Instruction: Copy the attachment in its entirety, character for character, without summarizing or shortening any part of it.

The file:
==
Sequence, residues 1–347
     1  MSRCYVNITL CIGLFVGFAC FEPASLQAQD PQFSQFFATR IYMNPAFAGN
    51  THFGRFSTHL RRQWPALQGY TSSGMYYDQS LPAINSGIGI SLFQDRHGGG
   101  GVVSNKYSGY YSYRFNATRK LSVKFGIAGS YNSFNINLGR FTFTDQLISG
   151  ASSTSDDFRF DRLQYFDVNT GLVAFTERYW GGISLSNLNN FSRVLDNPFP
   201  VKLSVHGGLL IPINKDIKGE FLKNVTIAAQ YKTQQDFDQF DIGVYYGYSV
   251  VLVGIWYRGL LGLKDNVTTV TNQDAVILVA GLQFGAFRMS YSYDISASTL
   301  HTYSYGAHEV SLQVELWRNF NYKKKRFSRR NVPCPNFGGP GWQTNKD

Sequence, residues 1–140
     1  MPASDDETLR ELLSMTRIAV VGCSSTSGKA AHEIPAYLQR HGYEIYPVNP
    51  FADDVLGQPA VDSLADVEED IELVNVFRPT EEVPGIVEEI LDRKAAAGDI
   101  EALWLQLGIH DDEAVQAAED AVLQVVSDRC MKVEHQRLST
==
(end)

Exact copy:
Sequence, residues 1–347
     1  MSRCYVNITL CIGLFVGFAC FEPASLQAQD PQFSQFFATR IYMNPAFAGN
    51  THFGRFSTHL RRQWPALQGY TSSGMYYDQS LPAINSGIGI SLFQDRHGGG
   101  GVVSNKYSGY YSYRFNATRK LSVKFGIAGS YNSFNINLGR FTFTDQLISG
   151  ASSTSDDFRF DRLQYFDVNT GLVAFTERYW GGISLSNLNN FSRVLDNPFP
   201  VKLSVHGGLL IPINKDIKGE FLKNVTIAAQ YKTQQDFDQF DIGVYYGYSV
   251  VLVGIWYRGL LGLKDNVTTV TNQDAVILVA GLQFGAFRMS YSYDISASTL
   301  HTYSYGAHEV SLQVELWRNF NYKKKRFSRR NVPCPNFGGP GWQTNKD

Sequence, residues 1–140
     1  MPASDDETLR ELLSMTRIAV VGCSSTSGKA AHEIPAYLQR HGYEIYPVNP
    51  FADDVLGQPA VDSLADVEED IELVNVFRPT EEVPGIVEEI LDRKAAAGDI
   101  EALWLQLGIH DDEAVQAAED AVLQVVSDRC MKVEHQRLST